After 60th day, the variation on pH value was slight and remaining over 7.68.These results indicated that good system
buffering and non inhibition of methanogenic organism at the beginning of the adaptation process.

Figure 1.3: Time in Days with Respect to Influent and Effluent pH

After achieving a steady state the real time textile wastewater was fed gradually such as 20%, 40%, 60%,80% and
100% to the reactor. After allowing 100% concentration of textile wastewater, the COD removal is monitored to achieve a
stabilized removal of COD.

Impact Factor (JCC): 3.0238 NAAS Rating: 2.06

Start Up and Enhancement Granulation in an Anaerobic 15
Baffled Reactor for the Treatment of Textile Wastewater


The results of the study in this paper lead to the following conclusions:

• The reactor was attained a steady state for 75 to 78 days during startup.

• The COD removal efficiency was achieved around 78% during startup.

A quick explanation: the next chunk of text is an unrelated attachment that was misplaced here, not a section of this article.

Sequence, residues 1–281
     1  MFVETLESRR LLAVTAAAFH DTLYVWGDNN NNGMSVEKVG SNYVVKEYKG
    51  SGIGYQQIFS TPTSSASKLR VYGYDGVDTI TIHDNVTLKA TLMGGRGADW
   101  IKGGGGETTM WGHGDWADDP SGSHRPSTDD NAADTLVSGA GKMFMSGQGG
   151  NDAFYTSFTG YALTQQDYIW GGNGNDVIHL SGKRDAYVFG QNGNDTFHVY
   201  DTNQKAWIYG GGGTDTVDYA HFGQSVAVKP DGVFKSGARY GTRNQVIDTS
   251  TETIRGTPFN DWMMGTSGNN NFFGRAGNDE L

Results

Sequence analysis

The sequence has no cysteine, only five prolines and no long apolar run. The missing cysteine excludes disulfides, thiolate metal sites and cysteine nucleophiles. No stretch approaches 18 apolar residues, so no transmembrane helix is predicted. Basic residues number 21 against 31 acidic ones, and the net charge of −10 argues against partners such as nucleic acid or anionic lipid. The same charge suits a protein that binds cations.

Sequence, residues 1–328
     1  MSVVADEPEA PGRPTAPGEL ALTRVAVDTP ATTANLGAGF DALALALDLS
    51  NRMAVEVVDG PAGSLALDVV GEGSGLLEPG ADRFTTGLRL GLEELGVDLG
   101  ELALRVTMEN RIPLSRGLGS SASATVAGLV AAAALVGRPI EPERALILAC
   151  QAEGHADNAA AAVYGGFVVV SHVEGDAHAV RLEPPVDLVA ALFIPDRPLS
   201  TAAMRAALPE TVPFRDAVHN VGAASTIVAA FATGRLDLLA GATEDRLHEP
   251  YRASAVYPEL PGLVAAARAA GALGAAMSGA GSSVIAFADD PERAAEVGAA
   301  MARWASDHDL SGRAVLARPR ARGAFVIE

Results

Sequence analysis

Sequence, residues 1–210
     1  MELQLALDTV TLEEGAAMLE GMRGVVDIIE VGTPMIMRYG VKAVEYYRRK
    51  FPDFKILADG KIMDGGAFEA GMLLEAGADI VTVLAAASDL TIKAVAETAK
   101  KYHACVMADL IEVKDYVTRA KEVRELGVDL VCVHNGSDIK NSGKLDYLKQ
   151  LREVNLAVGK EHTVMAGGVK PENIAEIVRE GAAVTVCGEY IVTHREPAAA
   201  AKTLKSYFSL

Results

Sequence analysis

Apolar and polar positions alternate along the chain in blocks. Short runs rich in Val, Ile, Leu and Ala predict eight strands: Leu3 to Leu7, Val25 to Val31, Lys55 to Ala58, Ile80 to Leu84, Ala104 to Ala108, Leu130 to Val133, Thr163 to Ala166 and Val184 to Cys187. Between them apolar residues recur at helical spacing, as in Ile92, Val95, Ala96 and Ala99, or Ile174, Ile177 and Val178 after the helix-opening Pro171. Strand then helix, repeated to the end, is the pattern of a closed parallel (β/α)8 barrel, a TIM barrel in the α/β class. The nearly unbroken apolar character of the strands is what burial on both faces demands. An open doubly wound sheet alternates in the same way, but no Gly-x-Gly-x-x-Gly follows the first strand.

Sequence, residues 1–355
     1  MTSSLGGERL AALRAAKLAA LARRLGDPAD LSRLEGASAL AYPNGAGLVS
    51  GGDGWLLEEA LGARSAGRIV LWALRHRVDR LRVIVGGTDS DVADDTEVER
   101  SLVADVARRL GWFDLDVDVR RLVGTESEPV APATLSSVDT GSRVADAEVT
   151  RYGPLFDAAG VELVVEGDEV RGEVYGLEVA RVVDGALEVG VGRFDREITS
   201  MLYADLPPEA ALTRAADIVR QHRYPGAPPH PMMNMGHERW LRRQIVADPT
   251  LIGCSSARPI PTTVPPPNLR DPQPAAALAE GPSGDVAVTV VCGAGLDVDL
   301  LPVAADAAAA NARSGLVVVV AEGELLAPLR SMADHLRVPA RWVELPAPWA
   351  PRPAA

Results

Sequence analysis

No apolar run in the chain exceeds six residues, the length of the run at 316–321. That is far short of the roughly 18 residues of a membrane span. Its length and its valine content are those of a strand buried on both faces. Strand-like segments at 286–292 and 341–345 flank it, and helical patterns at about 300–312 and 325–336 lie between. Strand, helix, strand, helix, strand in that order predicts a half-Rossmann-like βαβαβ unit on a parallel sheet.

• The reactor was started up with an OLR of 0.252kg COD/

• Maintaining a suitable and stable pH within the reactor should be a major priority for ensuring efficient
methanogenic digestion.

• Proper pH and alkalinity are of key importance for the prompt startup of ABR, when the reactor was operated
efficiently, effluent pH was relatively stable.

• Further investigation should be carried out for a longer duration by varying OLR and HRTs to study the
performance of the reactor.


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Impact Factor (JCC): 3.0238 NAAS Rating: 2.06